Select Committee on Transport, Local Government and the Regions Appendices to the Minutes of Evidence

Annex 4


  DTLR has funded research on External Vehicle Speed Control (EVSC) that is mainly concerned with the technical aspects of controlling vehicle speed. The full report is available from the DTLR website:

  This project was funded by the former DETR and resulted in the current research on Intelligent Speed Adaptation (ISA), another name for EVSC, as reported to the Committee in the DTLR Memorandum. Whilst the Department has funded these research projects as part of its vehicle safety research programme, there is no policy on implementation of any such systems. It will be for vehicle manufacturers to provide the technology in response to public demand.

  Speed limiting technology is already in use. Large commercial vehicles and coaches have been limited to their permitted maximum speeds for several years. More recent developments mean that technologies exist for individual vehicles to be fitted with equipment that could limit the maximum speed to any selected value whether automatically or manually. The technology required is a means of controlling the speed of the engine (and consequently the vehicle), and electronic engine management, now common on most new vehicles, enables this. Additionally braking intervention can be introduced through systems such as electronic brake control and antilock braking, also common on many vehicles, and this forms part of the overall system that speed control might require. Knowing where the vehicle is relative to posted speed limits is also necessary and this could be achieved through GPS (satellite positioning systems); the location capabilities and messaging capabilities of mobile phone technology; and navigation systems that use digital maps. The existence of these technologies means that it is perfectly possible for a manufacturer to offer Intelligent Speed Adaptation today.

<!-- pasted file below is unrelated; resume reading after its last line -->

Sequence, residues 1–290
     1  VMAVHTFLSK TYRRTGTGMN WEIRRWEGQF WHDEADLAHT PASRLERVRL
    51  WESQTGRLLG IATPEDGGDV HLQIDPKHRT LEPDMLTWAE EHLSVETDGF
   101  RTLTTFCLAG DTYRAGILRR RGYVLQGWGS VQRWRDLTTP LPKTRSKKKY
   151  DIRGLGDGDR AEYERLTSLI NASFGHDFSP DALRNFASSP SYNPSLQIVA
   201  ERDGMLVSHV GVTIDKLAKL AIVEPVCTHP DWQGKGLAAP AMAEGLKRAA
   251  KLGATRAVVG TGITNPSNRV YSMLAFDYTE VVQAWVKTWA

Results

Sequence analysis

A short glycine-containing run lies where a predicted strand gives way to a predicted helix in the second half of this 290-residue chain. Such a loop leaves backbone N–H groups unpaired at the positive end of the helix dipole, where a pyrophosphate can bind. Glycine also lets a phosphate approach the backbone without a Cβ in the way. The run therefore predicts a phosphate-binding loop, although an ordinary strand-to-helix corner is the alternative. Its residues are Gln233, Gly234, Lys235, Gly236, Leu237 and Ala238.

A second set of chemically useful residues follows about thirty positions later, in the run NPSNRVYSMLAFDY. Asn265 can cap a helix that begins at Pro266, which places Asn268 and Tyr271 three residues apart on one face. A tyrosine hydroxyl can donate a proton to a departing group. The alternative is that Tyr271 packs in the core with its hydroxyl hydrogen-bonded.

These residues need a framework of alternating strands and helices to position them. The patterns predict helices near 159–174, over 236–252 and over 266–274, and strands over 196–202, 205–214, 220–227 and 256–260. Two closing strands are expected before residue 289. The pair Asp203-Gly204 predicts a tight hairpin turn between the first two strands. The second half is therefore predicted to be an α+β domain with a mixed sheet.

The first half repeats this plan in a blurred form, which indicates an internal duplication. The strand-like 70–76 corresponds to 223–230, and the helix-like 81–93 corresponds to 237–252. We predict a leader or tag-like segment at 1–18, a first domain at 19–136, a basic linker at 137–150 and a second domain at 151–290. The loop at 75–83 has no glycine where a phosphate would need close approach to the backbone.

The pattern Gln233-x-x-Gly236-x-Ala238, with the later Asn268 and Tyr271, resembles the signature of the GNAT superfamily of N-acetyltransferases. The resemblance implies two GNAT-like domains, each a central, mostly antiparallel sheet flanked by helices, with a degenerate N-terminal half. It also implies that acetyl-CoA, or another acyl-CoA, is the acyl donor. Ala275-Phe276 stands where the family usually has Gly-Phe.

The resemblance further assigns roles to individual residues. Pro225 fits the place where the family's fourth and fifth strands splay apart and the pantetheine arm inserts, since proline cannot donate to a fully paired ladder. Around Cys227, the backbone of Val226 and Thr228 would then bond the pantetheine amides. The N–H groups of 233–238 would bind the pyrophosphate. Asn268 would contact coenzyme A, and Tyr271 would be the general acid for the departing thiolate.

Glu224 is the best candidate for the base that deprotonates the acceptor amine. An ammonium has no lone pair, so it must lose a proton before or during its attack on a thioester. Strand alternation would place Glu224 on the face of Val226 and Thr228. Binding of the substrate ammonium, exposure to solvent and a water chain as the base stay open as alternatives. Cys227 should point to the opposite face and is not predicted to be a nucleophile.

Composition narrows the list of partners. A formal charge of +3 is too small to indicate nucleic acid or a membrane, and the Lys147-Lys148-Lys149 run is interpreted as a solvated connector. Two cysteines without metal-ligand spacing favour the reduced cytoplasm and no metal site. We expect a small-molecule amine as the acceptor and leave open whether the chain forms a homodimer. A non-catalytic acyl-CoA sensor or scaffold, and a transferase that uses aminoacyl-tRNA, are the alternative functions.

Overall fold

However, it would be more effective and more efficient, both in terms of life saving and cost, if there were agreement on common methods of implementation. Regarding the activities that would enable this the United Nations Economic Commission for Europe (UN ECE) has introduced a performance standard for the in-vehicle equipment; there are discussions in ERTICO (a European association for the advancement of Transport Telematics) related to speed management. ISO (the International Standards Organisation) is discussing industry standards in this area. It is generally accepted that a most useful enabling activity would be the creation of a common digital map that contained speed limit information.

  However, further research is required, and now getting started, both on driver behaviour in long-term use of EVSC and on technological aspects, including communications, reliability, digital maps and vehicle control. Work at both a national and European level is needed. The UK word is funded by DTLR. The European aspect is particularly crucial for the EVSC technology, since any future standards are likely to be enacted at a European level, by for example UN ECE and CENELEC (the European electrical standards body). It is also important for the political process, since both the Commission and the European Parliament will have a role in any decision to require mandatory fitment of EVSC, or ISA as it is also called, on new vehicles.

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